Relay Fun Run @ 3:30PM 

5K Race @ 4:30PM

Register Today  


Nutrient Timing For Performance

April 14, 2014

Eileen Stellefson Myers, MPH, RD, LDN, FAND

 
Recent research indicates that it is not just what you eat but when you eat that has an impact on achieving your exercise goals.  “Nutrient timing” can make a difference in the effectiveness of your training, how you feel during your runs, and your performance on race day.

The pioneer of nutrient timing research is John Ivy, PhD who wrote over 170 scientific papers, and three books on the subject.   He coined the term “nutrient timing” which simply means the delivery of appropriate macronutrients during the time in which the body is primed to use them most effectively.  Nutrient timing is divided into three phases:  the energy phase (the period immediately prior to and during exercise), the anabolic phase (the period immediately after exercise), and the adaptation phase (hours after exercise).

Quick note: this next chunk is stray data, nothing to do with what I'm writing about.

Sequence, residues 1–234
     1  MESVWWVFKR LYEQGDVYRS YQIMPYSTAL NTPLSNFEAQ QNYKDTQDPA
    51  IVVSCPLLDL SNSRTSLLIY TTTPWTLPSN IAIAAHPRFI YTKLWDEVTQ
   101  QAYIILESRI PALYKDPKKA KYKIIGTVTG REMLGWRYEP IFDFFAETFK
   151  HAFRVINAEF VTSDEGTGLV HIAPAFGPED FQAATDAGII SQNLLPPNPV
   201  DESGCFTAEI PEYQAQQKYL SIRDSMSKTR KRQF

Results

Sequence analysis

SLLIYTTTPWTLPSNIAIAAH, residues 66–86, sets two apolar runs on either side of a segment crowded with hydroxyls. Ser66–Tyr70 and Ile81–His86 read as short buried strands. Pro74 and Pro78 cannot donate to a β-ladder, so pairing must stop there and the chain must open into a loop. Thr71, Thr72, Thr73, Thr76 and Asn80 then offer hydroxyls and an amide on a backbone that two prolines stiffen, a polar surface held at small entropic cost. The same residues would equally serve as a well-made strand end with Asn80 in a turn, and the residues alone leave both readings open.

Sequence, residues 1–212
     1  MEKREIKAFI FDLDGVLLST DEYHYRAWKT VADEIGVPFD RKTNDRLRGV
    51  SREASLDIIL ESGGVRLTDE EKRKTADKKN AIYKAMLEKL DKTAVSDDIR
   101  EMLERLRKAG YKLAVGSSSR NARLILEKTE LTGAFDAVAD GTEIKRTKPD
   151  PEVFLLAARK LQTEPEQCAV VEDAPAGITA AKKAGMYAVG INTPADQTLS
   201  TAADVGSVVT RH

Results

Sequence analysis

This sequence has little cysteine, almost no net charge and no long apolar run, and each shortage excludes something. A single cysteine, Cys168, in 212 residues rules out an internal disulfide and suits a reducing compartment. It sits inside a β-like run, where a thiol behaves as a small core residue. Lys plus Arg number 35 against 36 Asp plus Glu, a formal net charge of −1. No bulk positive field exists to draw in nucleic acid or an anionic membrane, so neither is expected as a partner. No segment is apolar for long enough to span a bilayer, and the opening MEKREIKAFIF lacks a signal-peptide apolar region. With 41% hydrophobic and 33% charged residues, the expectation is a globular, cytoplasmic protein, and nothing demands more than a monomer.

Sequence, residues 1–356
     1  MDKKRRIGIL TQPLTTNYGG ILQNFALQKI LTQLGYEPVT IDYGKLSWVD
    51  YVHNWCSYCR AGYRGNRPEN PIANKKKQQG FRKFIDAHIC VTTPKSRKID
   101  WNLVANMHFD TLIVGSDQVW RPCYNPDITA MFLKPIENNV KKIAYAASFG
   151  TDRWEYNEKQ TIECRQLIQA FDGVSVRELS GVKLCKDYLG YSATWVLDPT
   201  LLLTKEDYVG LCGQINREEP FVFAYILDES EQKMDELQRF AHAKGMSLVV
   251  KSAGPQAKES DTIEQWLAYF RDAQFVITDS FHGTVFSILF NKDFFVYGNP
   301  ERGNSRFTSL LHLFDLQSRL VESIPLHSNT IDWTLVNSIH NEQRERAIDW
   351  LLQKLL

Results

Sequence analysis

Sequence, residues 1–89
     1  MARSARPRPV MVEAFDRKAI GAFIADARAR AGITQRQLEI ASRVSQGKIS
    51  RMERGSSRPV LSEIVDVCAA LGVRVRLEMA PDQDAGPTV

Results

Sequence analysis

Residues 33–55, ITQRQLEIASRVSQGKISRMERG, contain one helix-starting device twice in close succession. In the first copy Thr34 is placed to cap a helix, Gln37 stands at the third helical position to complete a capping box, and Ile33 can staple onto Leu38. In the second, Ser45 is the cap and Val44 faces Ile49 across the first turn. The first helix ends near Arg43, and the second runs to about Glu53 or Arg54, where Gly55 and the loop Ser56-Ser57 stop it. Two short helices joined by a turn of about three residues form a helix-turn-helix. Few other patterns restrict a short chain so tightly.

If you want feel good during your run, fuel your body just prior to and during a run lasting more than 30 minutes.  Ideally, eat a small meal or snack such as toast and peanut butter) within an hour of your run, and consume six to eight ounces of a diluted carbohydrate/electrolyte beverage (a 2-6% carbohydrate solution) every 15-20 minutes of your run.   The addition of a small amount of protein in your fuel source has been shown to be beneficial for reducing muscle breakdown and speeding recovery.